• What new lessons has 2017 taught us — and what lessons from 2017 and prior years have we yet to fully address? Are there endemic issues that need to be looked at?
  • How has our business ecosystem — market, products, customers, providers, partners, costs, competition or regulatory landscape — changed since last year? How well did our strategy track in response — or in leading those changes? And what do we need to adjust in 2018?
  • How have our SWOT (strengths, weaknesses, opportunities, and threats) evolved in 2017 — and what should that mean for our goals in the new year?
  • What are the most relevant metrics for today? What do success, neutral, or failure look like in 2018? What should our measurable goals be going forward?

4) Make them relevant to your bigger picture. Once you’ve settled on your goals for 2018, ask yourself: how aligned are these goals — and our people — with our organization’s business plan and three-year strategic priorities? With its larger mission and vision? This is a good opportunity to check your direction before plunging into the new year.

5) Communicate! Decide the best way to package your goals, and then communicate them throughout your organization. How will you cascade these messages, and ensure everyone is crystal clear on the goals you’ve worked so hard to design?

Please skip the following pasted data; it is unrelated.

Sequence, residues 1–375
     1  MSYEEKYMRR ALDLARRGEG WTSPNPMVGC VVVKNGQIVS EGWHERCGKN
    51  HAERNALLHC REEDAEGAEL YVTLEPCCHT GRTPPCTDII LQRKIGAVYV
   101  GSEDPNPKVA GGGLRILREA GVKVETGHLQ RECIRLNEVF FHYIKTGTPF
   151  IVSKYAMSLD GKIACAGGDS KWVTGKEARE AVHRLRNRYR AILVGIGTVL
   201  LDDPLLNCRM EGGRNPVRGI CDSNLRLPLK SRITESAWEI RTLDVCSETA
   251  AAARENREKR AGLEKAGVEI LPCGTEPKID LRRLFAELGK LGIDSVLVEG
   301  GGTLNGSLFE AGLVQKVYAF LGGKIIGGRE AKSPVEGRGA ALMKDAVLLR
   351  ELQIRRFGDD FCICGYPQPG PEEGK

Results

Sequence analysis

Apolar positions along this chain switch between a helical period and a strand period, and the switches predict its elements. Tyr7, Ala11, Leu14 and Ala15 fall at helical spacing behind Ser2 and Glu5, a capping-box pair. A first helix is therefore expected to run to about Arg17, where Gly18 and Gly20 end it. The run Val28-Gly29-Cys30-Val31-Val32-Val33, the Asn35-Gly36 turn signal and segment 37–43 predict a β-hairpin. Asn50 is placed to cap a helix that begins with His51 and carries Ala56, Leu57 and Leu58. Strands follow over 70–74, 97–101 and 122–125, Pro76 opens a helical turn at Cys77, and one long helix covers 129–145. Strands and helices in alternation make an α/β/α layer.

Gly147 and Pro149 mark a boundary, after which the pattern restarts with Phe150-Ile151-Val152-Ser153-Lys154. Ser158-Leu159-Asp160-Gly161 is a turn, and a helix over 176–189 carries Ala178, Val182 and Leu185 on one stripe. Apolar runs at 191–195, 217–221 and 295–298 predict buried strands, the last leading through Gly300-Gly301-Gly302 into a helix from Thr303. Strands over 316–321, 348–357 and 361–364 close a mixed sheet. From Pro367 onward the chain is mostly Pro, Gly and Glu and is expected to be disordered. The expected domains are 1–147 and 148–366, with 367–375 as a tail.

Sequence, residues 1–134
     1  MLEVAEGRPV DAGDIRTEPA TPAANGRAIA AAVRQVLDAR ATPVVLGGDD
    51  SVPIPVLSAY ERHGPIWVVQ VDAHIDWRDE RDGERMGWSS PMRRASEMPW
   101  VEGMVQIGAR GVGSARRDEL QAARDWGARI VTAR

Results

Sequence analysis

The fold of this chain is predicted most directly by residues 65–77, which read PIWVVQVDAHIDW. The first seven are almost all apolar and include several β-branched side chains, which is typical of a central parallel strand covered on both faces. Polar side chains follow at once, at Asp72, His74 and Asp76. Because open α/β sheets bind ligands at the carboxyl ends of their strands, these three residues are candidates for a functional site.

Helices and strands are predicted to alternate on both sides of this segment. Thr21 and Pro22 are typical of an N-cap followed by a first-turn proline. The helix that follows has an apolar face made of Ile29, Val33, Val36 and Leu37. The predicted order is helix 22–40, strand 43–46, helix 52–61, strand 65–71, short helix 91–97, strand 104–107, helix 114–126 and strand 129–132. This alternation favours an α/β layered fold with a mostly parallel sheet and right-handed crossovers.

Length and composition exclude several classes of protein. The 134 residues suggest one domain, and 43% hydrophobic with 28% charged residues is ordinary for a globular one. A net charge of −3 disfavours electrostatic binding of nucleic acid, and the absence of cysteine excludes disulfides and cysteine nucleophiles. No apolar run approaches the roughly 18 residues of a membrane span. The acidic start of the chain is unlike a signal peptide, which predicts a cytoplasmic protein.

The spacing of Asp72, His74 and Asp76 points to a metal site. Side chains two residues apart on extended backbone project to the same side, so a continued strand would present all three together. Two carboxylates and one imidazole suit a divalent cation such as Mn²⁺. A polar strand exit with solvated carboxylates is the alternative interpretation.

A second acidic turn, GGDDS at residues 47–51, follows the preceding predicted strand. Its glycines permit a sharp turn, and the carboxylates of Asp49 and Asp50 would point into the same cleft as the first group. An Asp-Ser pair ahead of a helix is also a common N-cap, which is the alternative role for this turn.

When it comes to setting business goals, don’t settle for “doable”

The turn of the year offers a perfect opportunity to set your course for the next 12 months — and beyond. So don’t settle on “doable” for 2018. Use these tips to hone down and choose the right 3-5 goals that will have you feeling like you hit it out of the park where it really matters.

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David Peck is a Partner and US Lead for Executive Coaching at Heidrick Consulting. He’s been published extensively and is the author of Beyond Effective. Twitter: @coachdavidpeck

Simple Secrets for Networking Like a Champion

Networking can be more streamlined — and far more effective — than you think

How will you find your next job or role? Your next big deal or sale?

Chances are, the opportunity you seek will find its way to you through the agency of someone you know (your network), or someone they know (your expanded network).